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The Tower of Cairo

The Giza pyramids lying to the west of Cairo, and the slender minarets of the citadel of Salah El Din to the west, were the high points of the landscape for so long , but nowadays , they are being challenged by other aspiring rivals, among which nothing is more striking , that the slender tower that rise in the sky for 180 meters.

The tower stands on the Gezira, the large island that stands centrally within the city. At the base of the tower itself there is to be a special garden with chairs and tables where visitors can bask in the sun and have refreshments.

The entrance to the tower is by a handsome stairs of red granite from Aswan city and the base of structure is covered with the same stone.

The long slender column of reinforced concrete above is now covered with an open lattice work pattern. The entrance leads to a hall in Islamic style, the walls of which are elegantly decorated. Beyond it is a second hall decorated with glass mosaic panels.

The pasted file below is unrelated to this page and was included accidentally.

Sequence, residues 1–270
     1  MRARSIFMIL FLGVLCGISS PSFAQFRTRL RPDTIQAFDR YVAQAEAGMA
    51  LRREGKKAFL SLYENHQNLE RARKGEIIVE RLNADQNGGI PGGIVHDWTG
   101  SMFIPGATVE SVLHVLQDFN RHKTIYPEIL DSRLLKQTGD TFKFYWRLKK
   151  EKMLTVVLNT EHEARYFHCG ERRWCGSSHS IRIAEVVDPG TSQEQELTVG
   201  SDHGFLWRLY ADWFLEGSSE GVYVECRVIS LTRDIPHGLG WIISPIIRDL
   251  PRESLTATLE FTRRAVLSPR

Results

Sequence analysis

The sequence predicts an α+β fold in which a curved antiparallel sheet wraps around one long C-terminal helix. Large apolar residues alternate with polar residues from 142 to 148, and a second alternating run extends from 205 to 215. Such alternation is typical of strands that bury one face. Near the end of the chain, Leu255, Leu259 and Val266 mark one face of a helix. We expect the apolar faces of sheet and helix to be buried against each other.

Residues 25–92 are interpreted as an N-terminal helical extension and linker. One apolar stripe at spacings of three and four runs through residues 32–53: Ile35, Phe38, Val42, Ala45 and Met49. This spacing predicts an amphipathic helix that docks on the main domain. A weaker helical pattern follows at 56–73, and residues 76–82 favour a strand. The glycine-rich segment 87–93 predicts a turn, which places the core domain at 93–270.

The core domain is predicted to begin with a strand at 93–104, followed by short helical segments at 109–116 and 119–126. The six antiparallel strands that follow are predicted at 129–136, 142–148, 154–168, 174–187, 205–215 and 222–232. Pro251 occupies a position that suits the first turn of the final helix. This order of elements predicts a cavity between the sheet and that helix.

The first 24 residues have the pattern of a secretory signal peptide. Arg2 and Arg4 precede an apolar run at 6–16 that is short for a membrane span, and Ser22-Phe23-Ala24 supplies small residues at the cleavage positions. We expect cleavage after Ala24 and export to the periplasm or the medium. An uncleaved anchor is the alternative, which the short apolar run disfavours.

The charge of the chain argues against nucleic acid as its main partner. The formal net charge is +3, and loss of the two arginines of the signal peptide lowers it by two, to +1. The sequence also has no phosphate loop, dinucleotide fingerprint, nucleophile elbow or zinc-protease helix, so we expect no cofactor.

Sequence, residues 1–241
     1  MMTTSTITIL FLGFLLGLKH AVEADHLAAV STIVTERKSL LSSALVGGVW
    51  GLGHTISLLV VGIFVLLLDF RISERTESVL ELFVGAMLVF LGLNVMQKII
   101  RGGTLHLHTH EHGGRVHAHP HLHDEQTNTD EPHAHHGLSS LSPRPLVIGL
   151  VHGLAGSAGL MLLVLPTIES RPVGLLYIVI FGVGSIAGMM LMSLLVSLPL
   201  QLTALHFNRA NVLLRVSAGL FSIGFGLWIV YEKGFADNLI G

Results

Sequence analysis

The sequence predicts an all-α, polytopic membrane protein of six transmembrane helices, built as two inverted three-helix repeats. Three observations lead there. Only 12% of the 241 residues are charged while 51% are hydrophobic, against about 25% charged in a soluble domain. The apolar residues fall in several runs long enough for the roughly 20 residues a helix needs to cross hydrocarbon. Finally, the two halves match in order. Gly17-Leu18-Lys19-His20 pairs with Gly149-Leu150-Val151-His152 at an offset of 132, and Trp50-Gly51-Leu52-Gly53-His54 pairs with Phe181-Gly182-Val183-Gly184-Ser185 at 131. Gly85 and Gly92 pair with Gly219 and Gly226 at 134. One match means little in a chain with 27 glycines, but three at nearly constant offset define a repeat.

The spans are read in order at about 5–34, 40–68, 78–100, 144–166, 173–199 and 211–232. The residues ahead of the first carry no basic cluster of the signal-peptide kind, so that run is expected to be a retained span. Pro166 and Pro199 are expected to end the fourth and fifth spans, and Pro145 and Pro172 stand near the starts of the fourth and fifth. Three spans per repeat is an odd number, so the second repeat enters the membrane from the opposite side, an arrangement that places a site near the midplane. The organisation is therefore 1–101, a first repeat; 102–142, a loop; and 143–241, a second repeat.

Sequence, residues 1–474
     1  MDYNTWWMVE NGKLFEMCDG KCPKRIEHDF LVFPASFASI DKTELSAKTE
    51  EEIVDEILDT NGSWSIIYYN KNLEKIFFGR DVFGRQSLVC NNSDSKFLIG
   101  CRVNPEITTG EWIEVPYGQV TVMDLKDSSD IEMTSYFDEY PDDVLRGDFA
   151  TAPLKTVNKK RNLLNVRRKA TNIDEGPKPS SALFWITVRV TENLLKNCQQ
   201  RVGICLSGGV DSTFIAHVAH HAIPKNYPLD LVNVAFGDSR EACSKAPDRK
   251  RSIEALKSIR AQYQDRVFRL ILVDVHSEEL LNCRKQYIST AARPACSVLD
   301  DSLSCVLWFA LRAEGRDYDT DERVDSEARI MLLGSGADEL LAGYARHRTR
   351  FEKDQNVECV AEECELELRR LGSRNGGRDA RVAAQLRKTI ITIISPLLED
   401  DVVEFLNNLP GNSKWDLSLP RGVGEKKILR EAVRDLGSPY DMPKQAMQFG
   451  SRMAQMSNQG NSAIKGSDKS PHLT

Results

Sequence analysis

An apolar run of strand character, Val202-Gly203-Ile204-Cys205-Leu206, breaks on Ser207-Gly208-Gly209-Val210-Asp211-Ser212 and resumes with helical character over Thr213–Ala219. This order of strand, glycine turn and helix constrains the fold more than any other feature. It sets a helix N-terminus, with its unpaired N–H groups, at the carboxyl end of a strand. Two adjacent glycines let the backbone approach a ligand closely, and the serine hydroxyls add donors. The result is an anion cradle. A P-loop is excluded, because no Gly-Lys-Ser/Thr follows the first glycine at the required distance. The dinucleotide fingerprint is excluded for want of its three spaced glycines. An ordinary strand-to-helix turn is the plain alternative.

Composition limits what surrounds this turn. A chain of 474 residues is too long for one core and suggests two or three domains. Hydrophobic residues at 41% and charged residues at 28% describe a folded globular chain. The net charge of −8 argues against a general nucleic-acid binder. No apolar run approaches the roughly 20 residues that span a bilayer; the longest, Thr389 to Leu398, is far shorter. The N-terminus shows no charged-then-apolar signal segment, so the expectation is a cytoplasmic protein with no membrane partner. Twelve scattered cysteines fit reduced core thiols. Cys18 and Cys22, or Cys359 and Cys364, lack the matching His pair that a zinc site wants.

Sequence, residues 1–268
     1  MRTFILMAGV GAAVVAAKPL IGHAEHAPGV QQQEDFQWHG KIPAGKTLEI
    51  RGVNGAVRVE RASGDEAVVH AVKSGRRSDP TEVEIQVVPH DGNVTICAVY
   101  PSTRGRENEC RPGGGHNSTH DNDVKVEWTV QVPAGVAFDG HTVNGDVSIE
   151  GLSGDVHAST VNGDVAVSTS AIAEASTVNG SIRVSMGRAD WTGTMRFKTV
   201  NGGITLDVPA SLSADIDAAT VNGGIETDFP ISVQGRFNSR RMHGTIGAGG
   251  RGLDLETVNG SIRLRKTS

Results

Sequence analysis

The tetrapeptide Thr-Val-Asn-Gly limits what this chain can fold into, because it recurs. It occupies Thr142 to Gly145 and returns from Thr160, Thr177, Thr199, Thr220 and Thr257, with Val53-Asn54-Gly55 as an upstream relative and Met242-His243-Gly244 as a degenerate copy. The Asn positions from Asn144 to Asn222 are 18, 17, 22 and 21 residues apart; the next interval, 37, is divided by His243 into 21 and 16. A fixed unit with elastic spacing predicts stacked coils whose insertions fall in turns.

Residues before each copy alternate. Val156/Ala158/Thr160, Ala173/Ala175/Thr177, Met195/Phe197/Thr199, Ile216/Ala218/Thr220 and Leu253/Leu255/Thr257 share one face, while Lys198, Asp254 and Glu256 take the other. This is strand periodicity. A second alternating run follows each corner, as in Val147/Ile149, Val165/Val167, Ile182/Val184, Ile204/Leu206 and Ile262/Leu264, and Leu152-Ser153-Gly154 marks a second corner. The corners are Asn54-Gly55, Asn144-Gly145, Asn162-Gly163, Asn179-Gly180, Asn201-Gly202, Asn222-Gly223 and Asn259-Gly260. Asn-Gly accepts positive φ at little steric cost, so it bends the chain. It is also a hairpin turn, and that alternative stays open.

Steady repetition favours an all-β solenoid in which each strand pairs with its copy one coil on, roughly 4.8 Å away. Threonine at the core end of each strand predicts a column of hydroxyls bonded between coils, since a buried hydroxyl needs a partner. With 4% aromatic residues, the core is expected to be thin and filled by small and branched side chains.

From here there are speedy elevators to carry the visitor up to the top two storeys. The lower is a restaurant , the whole of which designed to rotate slowly and imperceptibly so that each half an hour each visitor has been able to see the entire wonderful panorama that shows the deserts to the east and west, the Delta northwards and the valley itself running south with the whole of Cairo and its surroundings below. The Nile with its sailing ships seems to flow past the base of the tower itself.

The restaurant accommodates eighty persons and is fully equipped. The second and higher store is fitted out as a café for light refreshments, and has seating for a hundred persons.

Above is an open balcony which the full splendor of the view can be enjoyed. It has panorama telescope and the multitude of ancient buildings directly before the eye.

North and south flow the broad waters of the Nile with its islands and the greenery of its banks beneath a limpid sky, the whole sparkling in the vivid sunshine. Above the balcony rises a tower that completes the whole. From top to bottom it is 185 meters, over 600 feet.

As can readily be imagined, the tower of Cairo dominates the whole landscape and even in the middle of the city it constantly appears over the tops of buildings.

Bold and elegant in the daytime, it is equally attractive at night when its upper storey's shine into the darkness above the vast spread of the capitals own light. Day and night, too, the panorama it offers is unique in the world and one that no one has ever seen before except from an aero plane circling slowly over the city.